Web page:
Stern on Mansfield, Burrow, and the Reformulation of the Legal Decision @ArsScripta @CambridgeUP

Simon Stern, University of Toronto, Faculty of Law, is publishing Mansfield, Burrow, and the Reformulation of the Legal Decision in British Law and Literature in the Long Eighteenth Century (Melissa Ganz, ed., Cambridge University Press) (forthcoming).

Whereas scholarship on the role of precedents and precedential reasoning in law has tended to focus on questions concerning a commitment to stare decisis, and the nature of analogy and justification, this discussion focuses on rhetorical and formal features of legal opinions, such that they present themselves as eligible for use as precedents. A judge’s deliberate effort to create a precedent manifests a distinctive conception of the judicial role—a conception that carries with it a raft of assumptions about the law’s role in guiding behavior, the public’s access to judicial decisions, and judges’ ability to understand and anticipate the typical person’s response (such that the proposed solution can be expected to achieve its goal). Lord Mansfield, Chief Justice of the King’s Bench from 1756 to 1788, used a range of rhetorical and formal features to indicate that he was changing the law and to signal that a given decision should govern future cases. These include express rejection of earlier cases, careful articulation of the holding in a prominent place to enable its future use, and more explicit presentation of the facts than many of his precursors and contemporaries. His law reporter, James Burrow, credited as the creator of the headnote, complemented these efforts through his use of typography and page layout. Burrow’s ideas about clearer, fuller, and more focused reporting of legal decisions probably owed a considerable amount to his longstanding involvement with the Royal Society, whose published Transactions exhibit a series of generic changes in the first half of the eighteenth century, anticipating in some respects those that Burrow would adopt.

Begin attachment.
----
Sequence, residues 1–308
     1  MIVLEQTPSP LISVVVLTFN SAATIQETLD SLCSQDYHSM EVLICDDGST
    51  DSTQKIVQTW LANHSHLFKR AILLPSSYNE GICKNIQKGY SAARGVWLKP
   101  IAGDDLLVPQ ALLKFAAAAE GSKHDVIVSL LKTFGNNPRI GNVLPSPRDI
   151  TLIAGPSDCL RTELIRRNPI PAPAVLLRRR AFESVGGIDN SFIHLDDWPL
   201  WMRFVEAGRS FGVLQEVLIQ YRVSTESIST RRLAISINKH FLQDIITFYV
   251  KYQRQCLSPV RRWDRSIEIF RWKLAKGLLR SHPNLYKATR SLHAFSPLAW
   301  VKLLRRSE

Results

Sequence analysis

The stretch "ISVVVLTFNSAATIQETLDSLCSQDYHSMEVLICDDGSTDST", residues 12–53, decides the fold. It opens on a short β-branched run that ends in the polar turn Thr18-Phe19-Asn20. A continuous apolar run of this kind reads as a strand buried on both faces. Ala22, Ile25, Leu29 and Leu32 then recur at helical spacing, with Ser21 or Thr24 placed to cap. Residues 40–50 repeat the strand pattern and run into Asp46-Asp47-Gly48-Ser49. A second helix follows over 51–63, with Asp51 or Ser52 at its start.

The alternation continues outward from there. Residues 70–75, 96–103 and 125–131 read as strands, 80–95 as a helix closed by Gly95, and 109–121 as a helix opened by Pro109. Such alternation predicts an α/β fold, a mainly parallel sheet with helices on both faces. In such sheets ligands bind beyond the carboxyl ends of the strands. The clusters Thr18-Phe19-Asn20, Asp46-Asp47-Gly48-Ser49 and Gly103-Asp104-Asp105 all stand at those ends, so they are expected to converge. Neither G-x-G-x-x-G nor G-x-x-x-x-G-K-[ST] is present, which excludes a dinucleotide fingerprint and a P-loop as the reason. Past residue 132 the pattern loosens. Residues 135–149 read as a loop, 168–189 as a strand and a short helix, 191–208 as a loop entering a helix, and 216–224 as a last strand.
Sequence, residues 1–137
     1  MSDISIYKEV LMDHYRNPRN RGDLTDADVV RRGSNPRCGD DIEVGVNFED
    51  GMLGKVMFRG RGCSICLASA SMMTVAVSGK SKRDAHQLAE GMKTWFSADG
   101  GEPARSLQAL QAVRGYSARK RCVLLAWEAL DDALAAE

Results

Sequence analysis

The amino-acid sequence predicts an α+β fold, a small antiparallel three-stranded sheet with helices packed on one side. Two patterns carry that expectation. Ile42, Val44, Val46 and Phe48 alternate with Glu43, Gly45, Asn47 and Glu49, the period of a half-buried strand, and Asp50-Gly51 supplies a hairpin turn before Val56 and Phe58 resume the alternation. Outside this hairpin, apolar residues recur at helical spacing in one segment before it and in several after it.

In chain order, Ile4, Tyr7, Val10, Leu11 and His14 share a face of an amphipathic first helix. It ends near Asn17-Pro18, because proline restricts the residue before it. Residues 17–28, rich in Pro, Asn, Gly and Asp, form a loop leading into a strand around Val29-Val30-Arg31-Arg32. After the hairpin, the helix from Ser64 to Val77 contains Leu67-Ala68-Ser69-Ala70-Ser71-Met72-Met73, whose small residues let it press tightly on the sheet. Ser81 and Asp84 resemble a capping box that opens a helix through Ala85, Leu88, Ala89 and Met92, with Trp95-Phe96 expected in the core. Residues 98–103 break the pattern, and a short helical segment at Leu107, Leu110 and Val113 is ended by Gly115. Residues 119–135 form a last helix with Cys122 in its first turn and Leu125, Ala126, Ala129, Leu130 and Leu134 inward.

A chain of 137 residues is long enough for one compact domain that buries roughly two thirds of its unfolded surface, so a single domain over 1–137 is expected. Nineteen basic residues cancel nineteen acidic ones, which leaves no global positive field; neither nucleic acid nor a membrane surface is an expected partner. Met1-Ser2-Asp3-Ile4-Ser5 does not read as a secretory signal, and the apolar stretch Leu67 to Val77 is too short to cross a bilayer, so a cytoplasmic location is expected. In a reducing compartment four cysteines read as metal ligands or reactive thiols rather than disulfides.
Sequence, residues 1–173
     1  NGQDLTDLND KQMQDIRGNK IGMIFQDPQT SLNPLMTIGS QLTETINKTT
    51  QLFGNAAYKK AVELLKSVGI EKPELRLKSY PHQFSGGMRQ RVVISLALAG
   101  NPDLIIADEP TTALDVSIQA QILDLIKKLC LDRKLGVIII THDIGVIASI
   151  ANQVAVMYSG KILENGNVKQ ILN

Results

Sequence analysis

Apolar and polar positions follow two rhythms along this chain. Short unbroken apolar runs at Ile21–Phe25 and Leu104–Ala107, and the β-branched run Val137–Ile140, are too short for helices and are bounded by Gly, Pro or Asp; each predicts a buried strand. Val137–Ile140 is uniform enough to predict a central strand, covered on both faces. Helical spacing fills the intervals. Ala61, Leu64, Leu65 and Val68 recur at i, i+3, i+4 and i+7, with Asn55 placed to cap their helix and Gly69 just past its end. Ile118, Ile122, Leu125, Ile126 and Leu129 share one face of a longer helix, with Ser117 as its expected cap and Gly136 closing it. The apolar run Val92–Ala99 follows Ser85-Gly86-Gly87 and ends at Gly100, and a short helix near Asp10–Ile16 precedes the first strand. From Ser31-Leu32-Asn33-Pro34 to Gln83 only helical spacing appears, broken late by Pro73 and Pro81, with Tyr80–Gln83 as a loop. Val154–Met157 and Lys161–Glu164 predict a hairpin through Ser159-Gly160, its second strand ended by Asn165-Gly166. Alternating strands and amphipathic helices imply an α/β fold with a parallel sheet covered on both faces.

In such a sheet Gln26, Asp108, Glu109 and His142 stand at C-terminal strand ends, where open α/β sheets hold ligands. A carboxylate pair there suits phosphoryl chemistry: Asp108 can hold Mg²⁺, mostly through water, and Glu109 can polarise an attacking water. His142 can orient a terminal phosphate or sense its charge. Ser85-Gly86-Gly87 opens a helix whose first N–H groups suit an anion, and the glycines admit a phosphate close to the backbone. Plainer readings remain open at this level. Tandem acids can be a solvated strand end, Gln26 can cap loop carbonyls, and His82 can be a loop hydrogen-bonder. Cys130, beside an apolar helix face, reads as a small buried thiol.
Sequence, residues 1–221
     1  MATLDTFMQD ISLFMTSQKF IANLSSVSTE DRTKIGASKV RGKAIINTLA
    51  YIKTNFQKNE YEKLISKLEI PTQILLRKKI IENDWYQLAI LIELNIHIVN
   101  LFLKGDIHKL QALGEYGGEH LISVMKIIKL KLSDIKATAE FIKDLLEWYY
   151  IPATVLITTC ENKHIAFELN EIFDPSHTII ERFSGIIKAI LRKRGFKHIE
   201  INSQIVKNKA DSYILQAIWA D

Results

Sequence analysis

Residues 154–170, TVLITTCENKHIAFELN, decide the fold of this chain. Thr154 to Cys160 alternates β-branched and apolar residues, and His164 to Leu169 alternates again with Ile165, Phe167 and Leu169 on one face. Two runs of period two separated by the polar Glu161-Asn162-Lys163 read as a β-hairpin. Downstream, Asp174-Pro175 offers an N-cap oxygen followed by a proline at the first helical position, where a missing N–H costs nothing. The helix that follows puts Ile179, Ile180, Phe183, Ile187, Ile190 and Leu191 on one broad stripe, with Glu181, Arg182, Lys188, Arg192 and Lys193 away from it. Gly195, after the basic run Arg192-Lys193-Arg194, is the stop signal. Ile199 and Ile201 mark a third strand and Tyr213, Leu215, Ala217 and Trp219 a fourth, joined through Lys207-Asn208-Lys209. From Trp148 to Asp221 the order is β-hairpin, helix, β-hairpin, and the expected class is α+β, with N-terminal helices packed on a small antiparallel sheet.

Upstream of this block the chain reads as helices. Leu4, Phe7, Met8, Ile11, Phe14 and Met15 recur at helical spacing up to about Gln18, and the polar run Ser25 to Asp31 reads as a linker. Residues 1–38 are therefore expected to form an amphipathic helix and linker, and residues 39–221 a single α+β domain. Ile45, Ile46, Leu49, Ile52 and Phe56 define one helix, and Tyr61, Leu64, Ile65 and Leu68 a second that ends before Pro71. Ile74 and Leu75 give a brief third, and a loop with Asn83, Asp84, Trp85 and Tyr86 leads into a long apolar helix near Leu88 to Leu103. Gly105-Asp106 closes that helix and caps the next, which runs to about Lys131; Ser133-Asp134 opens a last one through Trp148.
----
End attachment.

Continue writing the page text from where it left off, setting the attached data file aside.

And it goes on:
Download the essay from SSRN at the link.